How do I tell if this email is legit?

Frequently Asked Questions

How do I tell if this email is legit?

Firstly, unless you yourself are royalty, if the email appears to be from a long lost prince or princess, the needle sways pretty strongly towards “scam”.

Is it Legit? A Free ‘scam check’ by theProduct

Before we get into things… If you’re unsure about an email, you can forward a copy to [email protected] with the subject “Is it legit?” and we’ll check it out.

This is a free service offered by theProduct – but you MUST change the subject to “Is it legit?” so that our spam filters are less likely to squash it. If you don’t hear back from us in 48 hours, call or send a text to check if we received it – although if we didn’t… that’s probably because it was spam 😉


Big business in bad emails

It can be convincing!

It would surprise you the number of people who are still unaware of these types of scams and fall victim to them – even though its variants have been floating around since the late 18th Century (granted, the shift to email happened a little later).

Cyber criminals have gotten a lot smarter when it comes to sending malicious emails, and they’re no longer just from falsely imprisoned members of mythical royal families. Now the scams look like they’re coming from Netflix, PayPal, Westpac, Australia Post, or even your family and friends.

More often than not, government entities will contact you via ‘regular’ mail, or through the MyGov app… and when they do email you, they’re less likely to include a “Click on this link” or a “Click on this button” addition.

A “Click this link” / “Click this button” section of a suspicious email is a good sign that it’s a fake. Likewise, attachments to suspicious emails can be filled with viruses and other nasties that can infect your system.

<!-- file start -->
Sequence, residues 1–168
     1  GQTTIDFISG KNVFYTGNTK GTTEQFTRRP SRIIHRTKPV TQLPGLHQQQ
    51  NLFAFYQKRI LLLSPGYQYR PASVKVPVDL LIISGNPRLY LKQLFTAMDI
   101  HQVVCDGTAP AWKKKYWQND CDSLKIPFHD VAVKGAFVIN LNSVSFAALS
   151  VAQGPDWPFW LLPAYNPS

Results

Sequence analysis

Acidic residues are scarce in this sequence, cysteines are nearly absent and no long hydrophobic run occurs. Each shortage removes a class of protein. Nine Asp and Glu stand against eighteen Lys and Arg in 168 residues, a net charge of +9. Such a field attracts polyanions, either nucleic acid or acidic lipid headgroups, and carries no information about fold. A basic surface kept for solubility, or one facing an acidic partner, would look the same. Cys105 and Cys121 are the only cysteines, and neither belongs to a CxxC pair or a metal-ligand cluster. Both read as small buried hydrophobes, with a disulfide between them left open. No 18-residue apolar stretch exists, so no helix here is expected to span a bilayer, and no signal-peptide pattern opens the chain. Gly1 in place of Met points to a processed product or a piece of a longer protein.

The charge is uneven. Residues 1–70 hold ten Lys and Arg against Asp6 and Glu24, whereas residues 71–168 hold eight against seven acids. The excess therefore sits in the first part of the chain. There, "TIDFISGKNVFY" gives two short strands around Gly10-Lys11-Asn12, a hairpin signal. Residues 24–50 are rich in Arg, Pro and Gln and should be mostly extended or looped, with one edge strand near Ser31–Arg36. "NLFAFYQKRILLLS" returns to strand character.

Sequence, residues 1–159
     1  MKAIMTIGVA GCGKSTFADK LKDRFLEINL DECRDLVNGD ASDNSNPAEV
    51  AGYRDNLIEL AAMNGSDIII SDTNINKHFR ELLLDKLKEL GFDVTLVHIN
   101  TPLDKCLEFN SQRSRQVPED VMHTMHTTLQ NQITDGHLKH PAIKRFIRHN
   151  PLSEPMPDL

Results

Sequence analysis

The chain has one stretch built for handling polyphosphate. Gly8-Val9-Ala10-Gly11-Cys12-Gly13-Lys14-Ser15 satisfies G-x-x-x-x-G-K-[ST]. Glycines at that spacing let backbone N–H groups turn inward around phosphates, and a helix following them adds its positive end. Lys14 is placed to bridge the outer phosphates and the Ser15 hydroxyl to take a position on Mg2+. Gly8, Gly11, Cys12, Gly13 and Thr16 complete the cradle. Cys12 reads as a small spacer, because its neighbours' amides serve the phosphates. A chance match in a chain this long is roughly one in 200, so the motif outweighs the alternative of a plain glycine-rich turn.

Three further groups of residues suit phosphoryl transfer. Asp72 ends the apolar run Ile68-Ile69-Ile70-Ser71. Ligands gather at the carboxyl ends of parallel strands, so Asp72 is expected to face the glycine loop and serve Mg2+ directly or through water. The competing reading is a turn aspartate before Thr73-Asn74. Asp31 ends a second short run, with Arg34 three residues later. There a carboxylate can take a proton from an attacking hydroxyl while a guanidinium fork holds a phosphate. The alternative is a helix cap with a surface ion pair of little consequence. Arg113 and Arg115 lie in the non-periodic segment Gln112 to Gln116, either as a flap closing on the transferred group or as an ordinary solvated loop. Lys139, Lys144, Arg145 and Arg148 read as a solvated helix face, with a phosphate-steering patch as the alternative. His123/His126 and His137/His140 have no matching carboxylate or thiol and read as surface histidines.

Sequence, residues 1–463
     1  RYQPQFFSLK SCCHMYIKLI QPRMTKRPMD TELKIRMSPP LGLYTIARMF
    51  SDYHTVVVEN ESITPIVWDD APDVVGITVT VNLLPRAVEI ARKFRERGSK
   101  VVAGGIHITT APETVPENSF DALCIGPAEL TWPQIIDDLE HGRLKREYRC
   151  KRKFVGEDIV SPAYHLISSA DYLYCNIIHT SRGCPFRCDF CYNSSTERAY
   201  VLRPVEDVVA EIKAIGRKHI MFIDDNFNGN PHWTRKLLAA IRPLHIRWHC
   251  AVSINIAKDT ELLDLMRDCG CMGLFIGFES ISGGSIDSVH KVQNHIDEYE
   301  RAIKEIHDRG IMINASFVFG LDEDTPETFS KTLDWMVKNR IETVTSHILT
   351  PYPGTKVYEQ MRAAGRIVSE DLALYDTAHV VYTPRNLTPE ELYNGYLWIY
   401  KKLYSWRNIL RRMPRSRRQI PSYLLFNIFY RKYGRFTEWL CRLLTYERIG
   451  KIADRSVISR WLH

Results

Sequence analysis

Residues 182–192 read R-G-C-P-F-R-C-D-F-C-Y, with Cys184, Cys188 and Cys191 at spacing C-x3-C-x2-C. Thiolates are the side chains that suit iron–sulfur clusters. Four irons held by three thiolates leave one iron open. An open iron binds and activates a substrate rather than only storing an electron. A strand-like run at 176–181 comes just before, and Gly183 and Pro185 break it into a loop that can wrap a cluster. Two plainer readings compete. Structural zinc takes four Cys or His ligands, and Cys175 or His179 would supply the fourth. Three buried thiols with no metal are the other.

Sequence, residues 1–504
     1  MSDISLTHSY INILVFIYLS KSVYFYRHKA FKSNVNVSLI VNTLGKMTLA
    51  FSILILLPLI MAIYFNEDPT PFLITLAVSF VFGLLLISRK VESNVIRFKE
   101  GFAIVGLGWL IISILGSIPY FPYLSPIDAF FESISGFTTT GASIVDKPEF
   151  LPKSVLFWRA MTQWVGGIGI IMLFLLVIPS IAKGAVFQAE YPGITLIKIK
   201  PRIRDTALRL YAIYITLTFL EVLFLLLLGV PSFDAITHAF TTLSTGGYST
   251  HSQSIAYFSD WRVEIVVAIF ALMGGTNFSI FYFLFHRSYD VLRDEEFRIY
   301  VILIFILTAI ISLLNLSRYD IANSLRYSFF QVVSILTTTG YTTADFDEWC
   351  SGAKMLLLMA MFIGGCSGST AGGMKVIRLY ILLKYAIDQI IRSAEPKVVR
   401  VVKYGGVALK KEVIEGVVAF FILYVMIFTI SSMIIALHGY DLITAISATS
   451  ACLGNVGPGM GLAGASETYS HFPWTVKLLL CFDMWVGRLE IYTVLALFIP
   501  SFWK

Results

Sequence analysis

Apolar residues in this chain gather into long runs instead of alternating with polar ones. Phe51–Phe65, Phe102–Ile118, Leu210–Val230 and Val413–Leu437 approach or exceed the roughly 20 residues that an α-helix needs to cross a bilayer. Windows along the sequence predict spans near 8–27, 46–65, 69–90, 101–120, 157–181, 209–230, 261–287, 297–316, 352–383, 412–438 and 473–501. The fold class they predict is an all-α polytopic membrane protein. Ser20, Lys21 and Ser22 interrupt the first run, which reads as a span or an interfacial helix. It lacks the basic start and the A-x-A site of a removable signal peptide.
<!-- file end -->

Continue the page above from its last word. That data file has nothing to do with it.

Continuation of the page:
For example, opening an attachment to a suspicious email can install a virus on your computer that can hack into your webcam and give the cyber criminals access to your webcam whenever they like. Creepy thought. These cyber criminals can get access to your bank details, personal information, files, and documents stored on your computer and more. A good rule of thumb is to delete any suspicious email, and, if it’s from a government entity, friend, or other contactable source, call them and follow up on the email before you open it, click on any links – and especially before you open any attachments.

How we can help

We pride ourselves on our cost-efficient and timely repairs and maintenance, making sure your business is disrupted for the smallest possible timeframe. Our skilled technicians are whizzes at repairing:



and PCs



How can Supporting theProduct change the way you deal with technology?

Get in touch with us today for a quote detailing what we can do for you.

  • This field is for validation purposes and should be left unchanged.
Google Rating